HD Video, Touch-Screen Apps, & Shared Content 

"The Rubbermaid Telemedicine Cart combines full computing capabilities with HD video conferencing into one, easy-to-use, mobile point-of-care clinical platform. Its clean, slim line design and small footprint provide access into the smallest and busiest clinical settings. Its multi-touch interface, simple integration, and superior maneuverability streamlines work flow and creates high adoption rates by staff members."

 "Each Telemedicine Cart comes equipped with a 720p HD video camera, upgradable to 1080p HD video. It also provides computing access to any software or web-based application, including electronic medical records and PACS imaging systems. It can be outfitted with any number of optional medical devices (both analog and digital) that can be shared through the computer or video conferencing equipment or both. The Telemedicine Cart supports digital input through DVI and HDMI as well as legacy inputs such as VGA, S-Video, and composite video. In addition, it is a fully portable platform that runs for two hours via built-in battery power and can be quickly and easily wheeled from room to room, requiring only a standard, high speed internet connection (wired or wireless) to initiate an HD video conference."

Below is a screen shot of telemedicine images from a Google search:

Rubbermaid Healthcare Telemedicine Resources (Videos, Whitepapers, News)
Rubbermaid Healthcare Telemedicine
FCC Gives Telehealth $400M Boost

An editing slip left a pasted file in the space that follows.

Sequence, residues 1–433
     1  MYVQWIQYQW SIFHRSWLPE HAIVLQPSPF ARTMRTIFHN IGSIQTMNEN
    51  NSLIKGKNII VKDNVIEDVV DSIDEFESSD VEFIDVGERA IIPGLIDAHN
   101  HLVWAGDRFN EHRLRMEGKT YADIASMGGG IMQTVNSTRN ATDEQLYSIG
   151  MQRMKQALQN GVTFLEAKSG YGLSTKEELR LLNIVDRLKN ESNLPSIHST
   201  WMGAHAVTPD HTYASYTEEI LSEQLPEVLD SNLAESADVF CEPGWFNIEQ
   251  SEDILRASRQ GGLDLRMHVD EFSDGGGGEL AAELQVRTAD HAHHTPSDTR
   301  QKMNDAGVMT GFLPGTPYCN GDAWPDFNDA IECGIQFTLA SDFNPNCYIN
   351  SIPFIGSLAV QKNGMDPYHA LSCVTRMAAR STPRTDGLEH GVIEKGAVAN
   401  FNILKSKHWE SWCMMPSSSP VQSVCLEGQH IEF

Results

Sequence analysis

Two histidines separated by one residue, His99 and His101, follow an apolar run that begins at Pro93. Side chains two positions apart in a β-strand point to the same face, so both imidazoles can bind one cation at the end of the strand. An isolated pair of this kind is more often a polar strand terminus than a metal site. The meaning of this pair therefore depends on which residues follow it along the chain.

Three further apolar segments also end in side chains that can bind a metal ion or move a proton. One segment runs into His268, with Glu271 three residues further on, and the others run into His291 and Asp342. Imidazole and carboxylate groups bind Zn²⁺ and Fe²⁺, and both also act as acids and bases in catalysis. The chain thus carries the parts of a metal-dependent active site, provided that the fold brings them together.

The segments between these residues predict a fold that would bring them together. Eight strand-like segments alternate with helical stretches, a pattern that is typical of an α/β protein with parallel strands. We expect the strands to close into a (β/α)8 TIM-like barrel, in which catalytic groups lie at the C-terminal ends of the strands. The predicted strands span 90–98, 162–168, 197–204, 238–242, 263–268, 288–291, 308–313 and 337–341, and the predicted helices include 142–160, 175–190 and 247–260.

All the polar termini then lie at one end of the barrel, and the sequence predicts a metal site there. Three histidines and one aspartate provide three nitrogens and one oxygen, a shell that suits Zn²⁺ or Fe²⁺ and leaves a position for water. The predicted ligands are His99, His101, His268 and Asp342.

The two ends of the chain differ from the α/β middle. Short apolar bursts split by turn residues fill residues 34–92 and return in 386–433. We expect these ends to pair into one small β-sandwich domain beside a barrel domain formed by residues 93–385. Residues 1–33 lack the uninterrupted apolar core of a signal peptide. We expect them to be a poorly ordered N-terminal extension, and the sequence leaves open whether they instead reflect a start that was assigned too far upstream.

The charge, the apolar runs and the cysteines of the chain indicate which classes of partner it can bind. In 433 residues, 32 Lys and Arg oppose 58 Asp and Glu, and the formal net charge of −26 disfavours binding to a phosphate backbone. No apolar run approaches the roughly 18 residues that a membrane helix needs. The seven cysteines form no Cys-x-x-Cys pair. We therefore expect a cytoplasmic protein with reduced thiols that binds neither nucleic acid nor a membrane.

Mary Mosquera, Healthcare IT News, 1/10/13

Jan 11, 2013

InteractiveTV Today (ITVT): Links to information and updates about CES 2013, via Tracy Swedlow.:

If you want a quick look at the latest news related to interactive TV, including cool stuff featured at CES 2013, a good resource is the InteractiveTV Today website.   

Below are a few quick links to posts written by Tracy Swedlow, the founder of ITVT.  You'll see that there has been a flood of news and information generated from the companies featured at the recent Consumer Electronics Show (CES 2013) held in Las Vegas:

Interactive TV headlines Round-Up (I): Aereo, Amazon, A +E Networks, Turner, Warner Bros., Samsung, Roku, Nintendo Wii U, CBS, Microsoft Xbox

Interactive TV Headlines Round-Up (II):  ConnectTV, DDD, LG, Delivery Agent, Samsung, Magic Ruby, "Sons of Anarchy", Digitalsmiths, Time Warner Cable, i.TV

Interactive TV Headlines Round-Up (III): DirectTV, Dish Network, Ensequence, Sony, ES3, Azuki Systems, Microsoft Mediaroom

Interactive TV Headlines Round-Up (IV): Asus, Google TV, Marvell, Sony, Ubitus, Amazon, YouTube

It might take a while to catch up!

BTW, the ITVT website has a number of bloggers who share insights and news related to interactive TV and multimedia.  The ITVT Community Blogstream is a good place to start.

Jan 10, 2013

Gesture Markup Language (GML) for Natural User Interaction and Interfaces

Quick post:
"GML is an extensible markup language used to define gestures that describe interactive object behavior and the relationships between objects in an application.  Gesture Markup Language has been designed to enhance the development of multiuser multi-touch and other HCI device driven applications." -Gesture ML Wiki

GestureML was created and maintained by Ideum. 

More information to come!
The Pano

Photo credit: Ideum

Ideum Blog

OpenExhibits Free multitouch and multiuser software initiative for museums, education, nonprofits, and students

GestureWorks  Multi-touch authoring for Windows 8 & Windows 7